Catholic Health Australia explained the likely consequences of the Tax Laws Amendment (Medicare Levy Surcharge Thresholds) Bill, including increases in public hospital surgery waiting times, longer waiting times for those needing cataract surgery or joint replacements, increased costs on public hospitals and over $400 million lost from the operational budgets of private hospitals.
Responding to the development of a new women's health policy, Catholic Health Australia is broadly supportive of the key elements in the discussion paper, particularly a focus on gender equity. But CHA argues that social factors such as education level, home life and their financial resources are sometimes stronger influencers on a person's health and well-being than biomedical factors.
1 The central place of health in Australia's social policy agenda: Addressing the social determinants of health to achieve social inclusion.
Labelling the identification, training, employment and retention of staff as the most challenging issue confronting health and aged care services, Catholic Health Australia led its Budget submission with two immediate, low-cost measures to help address the health workforce shortage.
Catholic Health Australia issued a submission in response to the National Health and Hospitals Reform Commission report, congratulating the commissioners on their paper but acknowleding that the Government still has to form and finance its response to the recommendation. CHA said beyond a focus on hospital funding, the Government should ameliorate the social determinants of health; reduce regulation on aged care services; and give new recognition to palliative care to prioritise dignity of the dying.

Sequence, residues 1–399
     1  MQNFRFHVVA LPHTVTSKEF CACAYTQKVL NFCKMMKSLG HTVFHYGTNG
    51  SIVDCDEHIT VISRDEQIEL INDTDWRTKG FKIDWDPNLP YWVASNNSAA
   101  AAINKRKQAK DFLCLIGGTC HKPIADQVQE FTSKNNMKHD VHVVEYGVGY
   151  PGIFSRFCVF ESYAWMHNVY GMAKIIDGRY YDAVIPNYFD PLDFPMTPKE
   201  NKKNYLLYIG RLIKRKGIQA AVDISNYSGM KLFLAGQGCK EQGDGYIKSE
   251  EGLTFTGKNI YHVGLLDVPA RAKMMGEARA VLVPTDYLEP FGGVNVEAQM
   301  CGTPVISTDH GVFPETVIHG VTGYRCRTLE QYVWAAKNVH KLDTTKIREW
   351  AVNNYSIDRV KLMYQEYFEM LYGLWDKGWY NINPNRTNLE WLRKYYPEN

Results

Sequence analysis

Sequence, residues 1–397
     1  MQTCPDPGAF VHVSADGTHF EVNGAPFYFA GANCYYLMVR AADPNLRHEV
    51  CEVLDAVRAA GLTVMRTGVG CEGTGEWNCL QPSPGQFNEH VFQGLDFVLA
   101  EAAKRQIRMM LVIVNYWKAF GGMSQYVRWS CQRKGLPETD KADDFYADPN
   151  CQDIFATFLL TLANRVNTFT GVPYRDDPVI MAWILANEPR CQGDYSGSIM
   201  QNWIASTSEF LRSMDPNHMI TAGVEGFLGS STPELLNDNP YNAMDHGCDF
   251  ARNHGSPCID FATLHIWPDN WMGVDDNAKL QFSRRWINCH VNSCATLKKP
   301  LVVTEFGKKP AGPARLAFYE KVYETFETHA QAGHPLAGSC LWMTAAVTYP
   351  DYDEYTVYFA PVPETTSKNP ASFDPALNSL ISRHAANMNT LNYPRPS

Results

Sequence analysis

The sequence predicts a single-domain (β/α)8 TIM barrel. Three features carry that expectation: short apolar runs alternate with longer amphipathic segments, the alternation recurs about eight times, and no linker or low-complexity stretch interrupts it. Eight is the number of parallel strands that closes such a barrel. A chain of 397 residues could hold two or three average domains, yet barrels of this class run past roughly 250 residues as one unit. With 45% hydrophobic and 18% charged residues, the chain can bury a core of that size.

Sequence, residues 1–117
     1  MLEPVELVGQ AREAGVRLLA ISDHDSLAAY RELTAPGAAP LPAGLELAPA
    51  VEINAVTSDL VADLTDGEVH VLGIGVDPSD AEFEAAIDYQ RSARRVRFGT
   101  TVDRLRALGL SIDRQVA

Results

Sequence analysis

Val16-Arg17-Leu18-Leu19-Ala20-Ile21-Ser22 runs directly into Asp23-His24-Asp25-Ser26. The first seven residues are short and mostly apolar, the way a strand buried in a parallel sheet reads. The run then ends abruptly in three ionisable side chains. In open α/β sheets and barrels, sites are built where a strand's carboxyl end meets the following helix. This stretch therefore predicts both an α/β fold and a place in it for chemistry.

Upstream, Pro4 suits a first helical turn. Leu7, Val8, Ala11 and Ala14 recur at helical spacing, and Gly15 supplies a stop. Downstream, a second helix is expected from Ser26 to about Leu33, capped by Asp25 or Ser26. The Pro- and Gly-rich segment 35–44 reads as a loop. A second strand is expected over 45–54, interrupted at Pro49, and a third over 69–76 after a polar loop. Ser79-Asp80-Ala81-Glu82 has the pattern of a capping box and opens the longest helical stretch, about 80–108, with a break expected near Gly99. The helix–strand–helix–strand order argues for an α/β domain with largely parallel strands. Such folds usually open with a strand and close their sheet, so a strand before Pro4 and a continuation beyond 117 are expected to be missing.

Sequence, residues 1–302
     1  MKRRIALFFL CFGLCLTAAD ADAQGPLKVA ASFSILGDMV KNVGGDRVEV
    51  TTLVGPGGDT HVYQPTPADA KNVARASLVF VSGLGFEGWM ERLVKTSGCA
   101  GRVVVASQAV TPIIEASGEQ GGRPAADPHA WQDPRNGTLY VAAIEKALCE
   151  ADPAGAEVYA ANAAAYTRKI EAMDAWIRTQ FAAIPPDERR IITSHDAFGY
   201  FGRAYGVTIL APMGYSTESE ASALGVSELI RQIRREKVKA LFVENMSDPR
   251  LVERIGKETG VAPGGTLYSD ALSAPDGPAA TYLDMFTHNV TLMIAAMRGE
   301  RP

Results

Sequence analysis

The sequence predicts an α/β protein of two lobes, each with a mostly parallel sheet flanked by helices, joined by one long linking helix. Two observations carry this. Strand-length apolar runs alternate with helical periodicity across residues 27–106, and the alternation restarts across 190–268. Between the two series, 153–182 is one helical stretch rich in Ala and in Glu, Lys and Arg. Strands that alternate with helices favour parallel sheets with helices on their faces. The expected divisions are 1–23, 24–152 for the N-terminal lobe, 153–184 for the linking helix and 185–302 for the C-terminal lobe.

Catholic Health Australia made a submission in response to the National Medical and Health Research Council's paper, National Guidance on Collaborative Maternity Care.
Further funding cuts to pathology will lead to the sector being dominated by one or two corporate entities and would be especially difficult for Catholic not for profit providers, Catholic Health Australia has warned the Department of Health and Ageing.
When the final report of the National Health and Hospital Reform Commission was presented to Government, there was anticipation that many of its recommendations would lead to vast improvements in the health of all Australians. Many health providers, of which the Catholic Church is one, lament that much of the Commission's reform vision has not been addressed by the Council of Australian Governments.
The legislative arrangements to fund the new National Health and Hospitals Network should ensure transparency and equitable treatment in the funding flows between the Commonwealth, State based joint funding authorities, Local Hospital Networks and ultimately to hospitals, CHA's submission state. It is also important to retain the autonomy of Catholic public contract hospitals within Local Hospital Networks (LHNs). For more detail and CHA's other recommendations: